What Are Stop Words in SEO?
Stop words (like “the,” “in,” and “a”) are common words that search engines may ignore in search queries and search results. Because they don’t affect the meaning of the query or content.
They’re typically articles, prepositions, conjunctions, or pronouns used for grammatical purposes—not because they communicate a lot of meaning.
For example, consider these two SEO keywords:
- Restaurants in Brooklyn
- Restaurants Brooklyn
In this case, "in" is the stop word. Remove it, and the contextual meaning of the keyword doesn't change.
The concept of stop words (also known as stopwords, SEO stop words, or stopping words) was first coined by Hans Peter Luhn, one of the pioneers in information retrieval.
Does Google Ignore Stop Words?
It’s probably rare that Google ignores stop words. Because stop words can have a significant impact on search intent (the meaning behind a user’s query).
For example, someone who searches “menu” could be looking for information about a restaurant menu or a popular movie.
Whereas someone who searches “The Menu” is almost definitely interested in the movie.
Notice that Google interprets these differences and serves different results accordingly.
But search engines are more sophisticated now.
Google uses artificial intelligence (AI) and advanced natural language processing (NLP) algorithms to understand the nuanced meanings behind user queries and deliver the best results. To achieve this, they often need to take stop words into account.
Using SEO Stop Words in Your Content
Now that we've discussed what SEO stop words are, let's look at how to use them effectively in your content.
Stop Words in Page URLs
Generally, you should use short and descriptive URLs. Because they’re easier for search engines and users to understand.
This means avoiding unnecessary words, which might include stop words.
For example, your content management system (CMS) might suggest a URL slug like this:
If we remove all of the stop words, the slug is hard to understand:
But we can improve the slug by making it more concise:
Google recommends keeping a simple URL structure.
Stop Words in Title Tags
Imagine the above example had a title tag without stop words. It would read as "Best Shows Movies Streaming HBO Max - Variety." Removing the stop words here makes it read awkwardly and it's obvious that a part of the title is missing.
When an element is seen by users and used to decide whether to click on (or stay on) your page, you should always prioritize user experience.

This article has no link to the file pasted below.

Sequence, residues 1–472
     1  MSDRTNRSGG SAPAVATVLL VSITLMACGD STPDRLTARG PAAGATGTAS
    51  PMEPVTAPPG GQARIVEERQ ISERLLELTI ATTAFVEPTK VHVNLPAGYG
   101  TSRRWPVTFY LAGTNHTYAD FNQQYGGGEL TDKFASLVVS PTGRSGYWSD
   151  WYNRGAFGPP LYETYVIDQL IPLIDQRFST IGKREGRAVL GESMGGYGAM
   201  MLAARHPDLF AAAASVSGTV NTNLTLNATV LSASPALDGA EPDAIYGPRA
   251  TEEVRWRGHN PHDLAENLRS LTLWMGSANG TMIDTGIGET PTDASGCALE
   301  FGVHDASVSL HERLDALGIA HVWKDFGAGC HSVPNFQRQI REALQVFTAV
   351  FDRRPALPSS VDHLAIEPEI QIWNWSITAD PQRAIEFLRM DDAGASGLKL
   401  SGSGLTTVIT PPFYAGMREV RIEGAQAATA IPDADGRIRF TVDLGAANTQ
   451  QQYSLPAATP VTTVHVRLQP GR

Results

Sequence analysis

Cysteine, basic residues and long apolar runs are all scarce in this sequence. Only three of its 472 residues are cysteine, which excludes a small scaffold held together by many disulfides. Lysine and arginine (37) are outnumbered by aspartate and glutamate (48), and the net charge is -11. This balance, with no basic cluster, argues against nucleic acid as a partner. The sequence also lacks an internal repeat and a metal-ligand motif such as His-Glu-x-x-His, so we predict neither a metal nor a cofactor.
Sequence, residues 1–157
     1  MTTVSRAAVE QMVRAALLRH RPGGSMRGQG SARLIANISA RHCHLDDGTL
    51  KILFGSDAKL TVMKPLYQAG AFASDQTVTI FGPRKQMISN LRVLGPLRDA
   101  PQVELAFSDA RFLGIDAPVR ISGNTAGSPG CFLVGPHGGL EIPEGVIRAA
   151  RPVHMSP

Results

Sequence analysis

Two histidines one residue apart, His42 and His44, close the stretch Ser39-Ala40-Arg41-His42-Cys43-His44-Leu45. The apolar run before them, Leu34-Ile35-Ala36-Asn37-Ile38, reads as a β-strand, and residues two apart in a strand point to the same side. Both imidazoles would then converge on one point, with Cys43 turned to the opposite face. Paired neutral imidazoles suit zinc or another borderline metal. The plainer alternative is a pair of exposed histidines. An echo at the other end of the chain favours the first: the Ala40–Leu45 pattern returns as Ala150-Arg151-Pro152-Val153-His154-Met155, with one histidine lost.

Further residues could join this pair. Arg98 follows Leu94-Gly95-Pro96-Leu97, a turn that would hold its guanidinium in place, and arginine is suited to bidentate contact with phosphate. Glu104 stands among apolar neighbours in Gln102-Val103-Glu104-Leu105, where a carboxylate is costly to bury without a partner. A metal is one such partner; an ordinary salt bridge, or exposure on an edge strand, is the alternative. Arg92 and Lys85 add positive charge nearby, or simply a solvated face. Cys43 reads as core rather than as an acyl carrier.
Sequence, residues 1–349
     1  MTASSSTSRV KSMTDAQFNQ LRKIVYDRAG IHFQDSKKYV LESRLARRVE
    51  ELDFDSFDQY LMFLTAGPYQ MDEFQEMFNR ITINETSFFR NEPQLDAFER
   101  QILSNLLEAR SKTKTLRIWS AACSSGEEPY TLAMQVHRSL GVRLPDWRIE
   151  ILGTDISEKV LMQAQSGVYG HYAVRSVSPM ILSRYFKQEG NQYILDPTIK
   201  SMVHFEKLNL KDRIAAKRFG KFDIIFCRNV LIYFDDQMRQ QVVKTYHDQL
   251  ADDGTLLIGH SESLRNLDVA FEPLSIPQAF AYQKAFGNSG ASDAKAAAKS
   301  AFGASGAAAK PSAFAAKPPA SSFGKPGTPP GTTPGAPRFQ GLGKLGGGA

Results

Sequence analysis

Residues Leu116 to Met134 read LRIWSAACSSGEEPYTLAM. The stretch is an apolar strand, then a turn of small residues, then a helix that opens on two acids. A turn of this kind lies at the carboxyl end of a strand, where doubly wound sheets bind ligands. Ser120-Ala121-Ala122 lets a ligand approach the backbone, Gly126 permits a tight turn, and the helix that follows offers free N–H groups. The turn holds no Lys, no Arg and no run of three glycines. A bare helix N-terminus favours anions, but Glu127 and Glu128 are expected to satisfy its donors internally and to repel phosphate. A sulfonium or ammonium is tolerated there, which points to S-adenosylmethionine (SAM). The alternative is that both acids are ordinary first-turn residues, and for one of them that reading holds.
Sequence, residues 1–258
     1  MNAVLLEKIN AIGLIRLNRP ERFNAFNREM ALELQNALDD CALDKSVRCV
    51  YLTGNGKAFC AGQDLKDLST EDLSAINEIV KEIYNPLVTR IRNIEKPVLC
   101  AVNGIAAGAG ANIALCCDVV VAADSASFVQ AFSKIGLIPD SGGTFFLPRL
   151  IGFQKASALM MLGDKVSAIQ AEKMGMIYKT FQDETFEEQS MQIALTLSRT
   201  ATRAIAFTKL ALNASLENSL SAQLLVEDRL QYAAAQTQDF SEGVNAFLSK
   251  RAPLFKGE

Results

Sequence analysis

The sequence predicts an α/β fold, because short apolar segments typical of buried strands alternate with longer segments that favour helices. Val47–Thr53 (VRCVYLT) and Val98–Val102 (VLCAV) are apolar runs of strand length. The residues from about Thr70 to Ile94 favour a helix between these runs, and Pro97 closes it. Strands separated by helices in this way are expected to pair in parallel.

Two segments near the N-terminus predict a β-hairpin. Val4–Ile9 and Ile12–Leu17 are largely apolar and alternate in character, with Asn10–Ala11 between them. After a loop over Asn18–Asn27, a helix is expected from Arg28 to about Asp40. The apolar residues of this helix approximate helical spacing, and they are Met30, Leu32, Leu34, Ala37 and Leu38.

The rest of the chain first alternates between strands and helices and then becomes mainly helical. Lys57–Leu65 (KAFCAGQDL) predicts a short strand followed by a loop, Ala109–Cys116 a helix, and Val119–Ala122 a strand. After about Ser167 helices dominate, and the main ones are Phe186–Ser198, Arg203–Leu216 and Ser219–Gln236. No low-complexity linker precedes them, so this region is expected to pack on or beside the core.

Stop Words in Body Content
You should not remove stop words from your body content. This will not improve your Google rankings—it will only make your content read poorly.
You must put your users first and never sacrifice their experience for SEO purposes. Always focus on creating quality content.
For more advice and context, check out our SEO guide.
Stop Words Are Important for User Experience
The reality is that stop words aren't something most marketers need to worry about. But by understanding what they are and how search engines process them, you're better equipped to make the right decisions around using them.
Ignore the advice to remove stop words from titles and headings as this can harm user experience, but consider excluding them from your page URLs if you need to shorten them and it doesn't change the context.
Always put your users first, and you'll usually find that this is the best thing for SEO results, too.
How to Find the Best Keywords for Your Content
There are many ways to perform keyword research—i.e., find keywords relevant to your site.
One of the quickest ways is with Semrush’s Keyword Magic Tool.
Simply enter a basic term related to your niche (there’s no need for stop words here).
Then, choose your country and click “Search”:
The tool will provide a list of “Broad Match” keywords by default. These contain your starting keyword(s) or a close variation.
At this point, you can perform keyword analysis. To identify the best target keywords for your website or page.
If you find grammatically incorrect keywords, you should only use their grammatical form in your content. This might mean adding stop words (e.g., “best restaurants brooklyn” becomes “the best restaurants in Brooklyn”).
Don’t worry—you’ll still be able to rank for the ungrammatical versions.
For more advice, take a look at our guide on keyword optimization.
List of Stop Words
In this stop words list, we’ve rounded up more than 175 common stop words: